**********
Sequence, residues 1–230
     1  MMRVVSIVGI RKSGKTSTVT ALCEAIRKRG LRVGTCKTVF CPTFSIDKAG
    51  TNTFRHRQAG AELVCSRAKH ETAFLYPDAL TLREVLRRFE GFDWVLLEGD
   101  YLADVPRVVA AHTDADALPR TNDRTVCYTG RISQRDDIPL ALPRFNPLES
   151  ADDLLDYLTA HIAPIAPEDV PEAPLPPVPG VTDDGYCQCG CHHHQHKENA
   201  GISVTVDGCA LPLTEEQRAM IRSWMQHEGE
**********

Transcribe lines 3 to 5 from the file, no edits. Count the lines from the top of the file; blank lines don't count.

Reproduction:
    51  TNTFRHRQAG AELVCSRAKH ETAFLYPDAL TLREVLRRFE GFDWVLLEGD
   101  YLADVPRVVA AHTDADALPR TNDRTVCYTG RISQRDDIPL ALPRFNPLES
   151  ADDLLDYLTA HIAPIAPEDV PEAPLPPVPG VTDDGYCQCG CHHHQHKENA